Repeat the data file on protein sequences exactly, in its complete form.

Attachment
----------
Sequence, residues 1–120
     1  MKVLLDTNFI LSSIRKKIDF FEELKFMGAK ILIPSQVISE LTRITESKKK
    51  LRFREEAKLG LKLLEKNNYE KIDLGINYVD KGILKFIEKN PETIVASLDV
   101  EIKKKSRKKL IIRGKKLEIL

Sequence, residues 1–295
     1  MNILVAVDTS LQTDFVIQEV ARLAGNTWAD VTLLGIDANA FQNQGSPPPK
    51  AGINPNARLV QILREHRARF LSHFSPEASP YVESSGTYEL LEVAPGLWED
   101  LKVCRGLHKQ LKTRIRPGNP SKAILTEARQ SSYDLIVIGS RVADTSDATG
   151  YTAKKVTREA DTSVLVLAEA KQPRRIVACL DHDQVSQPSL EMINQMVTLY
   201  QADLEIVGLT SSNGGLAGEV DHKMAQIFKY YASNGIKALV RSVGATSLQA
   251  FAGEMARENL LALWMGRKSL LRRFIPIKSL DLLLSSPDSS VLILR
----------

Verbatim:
Sequence, residues 1–120
     1  MKVLLDTNFI LSSIRKKIDF FEELKFMGAK ILIPSQVISE LTRITESKKK
    51  LRFREEAKLG LKLLEKNNYE KIDLGINYVD KGILKFIEKN PETIVASLDV
   101  EIKKKSRKKL IIRGKKLEIL

Sequence, residues 1–295
     1  MNILVAVDTS LQTDFVIQEV ARLAGNTWAD VTLLGIDANA FQNQGSPPPK
    51  AGINPNARLV QILREHRARF LSHFSPEASP YVESSGTYEL LEVAPGLWED
   101  LKVCRGLHKQ LKTRIRPGNP SKAILTEARQ SSYDLIVIGS RVADTSDATG
   151  YTAKKVTREA DTSVLVLAEA KQPRRIVACL DHDQVSQPSL EMINQMVTLY
   201  QADLEIVGLT SSNGGLAGEV DHKMAQIFKY YASNGIKALV RSVGATSLQA
   251  FAGEMARENL LALWMGRKSL LRRFIPIKSL DLLLSSPDSS VLILR